The rescheduled London Marathon 2020 will take place this Sunday. While an elite race takes place on a lap around St. James’s Park, the mass race is now a virtual event. The runners set off and cover the 42.2 km route wherever and whenever they want.
While the flexibility of a virtual race offers some advantages, runners will of course miss out on the special London Marathon atmosphere and logistical support during the race.
That means careful planning is needed to make sure your marathon is fun. We spoke to London Marathon-based trainer Martin Yelling for advice on planning your virtual run.
What advice do you have when planning a route?
Determining your route is very important as it is easy to make mistakes when you are tired. Set a finish line ̵
How should you stay hydrated without water stations along the way?
It is very important for runners to rethink the logistics of their event. Do you run loops? Do you carry fluids?
People run in different places around the world so you need to think about what your environmental needs and conditions are, and what strategy you are going to use to meet them. For runners who want to run it in three hours they might only carry 250ml with them, others might be six or seven hours away and might need to stop and refuel. If the strategy is grinding, you can expose fluid.
Medical assistance will also not be available. What should runners do to reduce the risks on that front?
First you need to lay the foundations – make sure you have everything you need to make the distance, tell people where you are going, and bring petroleum jelly with you!
Then you have to think about contingencies. What if everything goes wrong and you have to make a choice when you are tired and emotional? Especially if you are walking alone, not in a particularly populated place. Identify a “responder”, let them know and have their number on your phone. It is a good idea to tell some people that you do, but in case you need help, you have this answer person. This could be anything from just giving encouragement to saying that you need medical attention.
I recommend an app called what3words. If you need assistance and want to quickly let someone know where you are, describe your location in three words by putting a pin on a map. You paste these three words into the same app to find out where you are. If you’ve been on a country road and someone asked, “Where are you?” You might not be sure you’re standing by a tree! what3words gives you “orange, wrench, dish” and these three words give your answerer an exact location within three square feet.
So I would say plan your route and share it with someone so they know where you are. Have emotional support and then a full rescue plan in case everything goes wrong.
Do you have any tips on the pace of a virtual event?
All marathon stimulation rules continue to apply. If you are going out at a pace that you cannot keep up, it becomes difficult and the more likely you will need the contingencies you have set up. Running steady, steady to get you the distance is the best advice.
There are also some amazing flexibility benefits from doing it virtually. Because of the uncertainty at the moment, you may not have done all of your workout or you may not be as fit as you’d like. So take the pressure off. If you want to stop, stop. Take a rest Refuel, walk a bit. There doesn’t have to be any pressure here.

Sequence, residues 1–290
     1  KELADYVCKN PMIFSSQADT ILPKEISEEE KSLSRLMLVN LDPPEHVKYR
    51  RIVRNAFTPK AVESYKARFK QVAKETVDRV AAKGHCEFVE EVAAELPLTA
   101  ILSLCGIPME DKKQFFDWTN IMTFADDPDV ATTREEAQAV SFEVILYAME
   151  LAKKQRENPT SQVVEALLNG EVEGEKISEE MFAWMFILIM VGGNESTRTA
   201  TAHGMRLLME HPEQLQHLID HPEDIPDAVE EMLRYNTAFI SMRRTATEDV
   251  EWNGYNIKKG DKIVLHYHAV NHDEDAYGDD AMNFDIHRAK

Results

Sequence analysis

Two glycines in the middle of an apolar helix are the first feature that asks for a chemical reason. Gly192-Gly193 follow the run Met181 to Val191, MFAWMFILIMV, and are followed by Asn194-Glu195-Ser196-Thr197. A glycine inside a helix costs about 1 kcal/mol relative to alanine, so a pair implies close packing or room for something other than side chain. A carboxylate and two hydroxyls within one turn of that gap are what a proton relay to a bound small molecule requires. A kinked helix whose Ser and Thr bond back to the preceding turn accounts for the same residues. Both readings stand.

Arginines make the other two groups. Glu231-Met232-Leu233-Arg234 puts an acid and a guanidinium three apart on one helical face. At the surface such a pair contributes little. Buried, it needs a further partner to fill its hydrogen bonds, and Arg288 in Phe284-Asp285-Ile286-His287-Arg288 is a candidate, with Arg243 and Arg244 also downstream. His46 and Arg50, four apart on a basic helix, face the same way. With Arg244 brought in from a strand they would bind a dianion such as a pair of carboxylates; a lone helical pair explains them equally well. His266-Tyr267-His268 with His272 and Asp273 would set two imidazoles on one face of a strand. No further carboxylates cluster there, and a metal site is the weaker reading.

The key is to Accept your fitness level. I know people for whom Lockdown was a great opportunity to tear a few more miles out. You feel very fit and a virtual marathon is a highlight of the year for you and you will push it forward. At the same time, I know people who have been at home with their children for six months and just haven’t been able to exercise. Understanding and accepting where you are is really important.
Should you be taking pain medication to deal with pain experienced while running?
I keep seeing those flat layers where people put all their gear out and there’s always a pack of ibuprofen or something. My understanding is that taking a pain reliever only masks pain, pain that is there for a reason, and it can also cause gastrointestinal problems.
I would prefer people to listen to their bodies, notice the discomfort they were having, and work safely in it. Most of the time, that means slowing down. This is not the end of the world. There are times when the discomfort is really significant, an injury, but even then, you shouldn’t use pain medication to treat the pain, especially during a virtual event where you don’t have racing assistance.
When your body aches, you need to adjust. That doesn’t necessarily mean you have to stop. It can, but most of the time when I’m really hurt, it goes away. If it’s not really acute and serious, you can work it through with patience. You don’t have any time pressure either, so just let yourself be worked through. This is a safer option than smashing yourself up and ridiculing loads of pain medication.
Any other tips for the day?
There will be a lot of people running at the same time. For a little motivation I would say even if you are walking alone you are not really. There are 45,000 other people out there pounding 26.2 miles with you.
If you’re doing it on your own, put up some virtual viewers too. Have someone call you at specific times, maybe three, four, or five hours. Or, respecting the rules of social distancing, you can say when to walk past people’s homes so they can cheer you on.